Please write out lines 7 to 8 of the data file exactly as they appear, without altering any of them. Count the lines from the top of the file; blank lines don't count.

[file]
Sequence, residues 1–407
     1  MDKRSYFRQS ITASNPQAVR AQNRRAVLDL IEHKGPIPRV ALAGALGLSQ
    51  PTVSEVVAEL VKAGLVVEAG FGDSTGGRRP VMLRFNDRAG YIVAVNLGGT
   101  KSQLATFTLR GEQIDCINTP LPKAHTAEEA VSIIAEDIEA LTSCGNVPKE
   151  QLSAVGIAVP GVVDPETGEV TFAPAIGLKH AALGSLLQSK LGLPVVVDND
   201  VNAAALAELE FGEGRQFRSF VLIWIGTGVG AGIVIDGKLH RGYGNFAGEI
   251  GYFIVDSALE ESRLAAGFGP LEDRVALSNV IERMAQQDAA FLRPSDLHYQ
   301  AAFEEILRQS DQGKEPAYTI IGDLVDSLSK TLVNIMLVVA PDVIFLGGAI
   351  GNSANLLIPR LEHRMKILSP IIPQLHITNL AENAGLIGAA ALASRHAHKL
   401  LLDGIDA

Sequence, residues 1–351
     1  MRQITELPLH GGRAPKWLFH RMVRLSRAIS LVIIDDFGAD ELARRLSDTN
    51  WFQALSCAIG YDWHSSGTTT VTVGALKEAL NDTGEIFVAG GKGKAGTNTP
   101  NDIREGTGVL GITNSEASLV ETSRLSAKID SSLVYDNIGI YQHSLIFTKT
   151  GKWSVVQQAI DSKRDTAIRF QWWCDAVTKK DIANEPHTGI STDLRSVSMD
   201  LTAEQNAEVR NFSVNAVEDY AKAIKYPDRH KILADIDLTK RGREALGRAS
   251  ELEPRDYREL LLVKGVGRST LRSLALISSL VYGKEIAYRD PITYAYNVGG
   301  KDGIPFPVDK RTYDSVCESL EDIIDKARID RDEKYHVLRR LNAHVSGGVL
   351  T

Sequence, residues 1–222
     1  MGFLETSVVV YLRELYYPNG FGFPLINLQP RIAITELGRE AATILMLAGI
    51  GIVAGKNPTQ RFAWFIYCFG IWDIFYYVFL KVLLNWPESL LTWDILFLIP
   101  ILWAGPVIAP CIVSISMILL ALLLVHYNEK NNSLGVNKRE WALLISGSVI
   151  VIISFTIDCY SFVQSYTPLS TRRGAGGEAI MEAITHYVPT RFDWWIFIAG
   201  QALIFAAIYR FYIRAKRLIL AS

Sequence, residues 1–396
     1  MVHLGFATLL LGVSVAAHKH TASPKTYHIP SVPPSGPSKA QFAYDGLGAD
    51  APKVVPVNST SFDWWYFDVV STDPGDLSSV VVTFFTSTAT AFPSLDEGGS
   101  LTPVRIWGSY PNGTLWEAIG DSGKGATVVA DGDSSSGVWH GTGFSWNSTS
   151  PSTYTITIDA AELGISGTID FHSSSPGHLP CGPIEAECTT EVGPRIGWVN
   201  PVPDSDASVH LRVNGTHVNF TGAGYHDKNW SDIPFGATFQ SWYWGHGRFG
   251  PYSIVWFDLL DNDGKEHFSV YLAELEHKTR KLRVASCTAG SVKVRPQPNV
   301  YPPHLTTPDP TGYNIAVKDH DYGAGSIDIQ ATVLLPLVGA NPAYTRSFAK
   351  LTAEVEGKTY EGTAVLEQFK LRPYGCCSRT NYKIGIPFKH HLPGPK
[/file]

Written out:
   251  GYFIVDSALE ESRLAAGFGP LEDRVALSNV IERMAQQDAA FLRPSDLHYQ
   301  AAFEEILRQS DQGKEPAYTI IGDLVDSLSK TLVNIMLVVA PDVIFLGGAI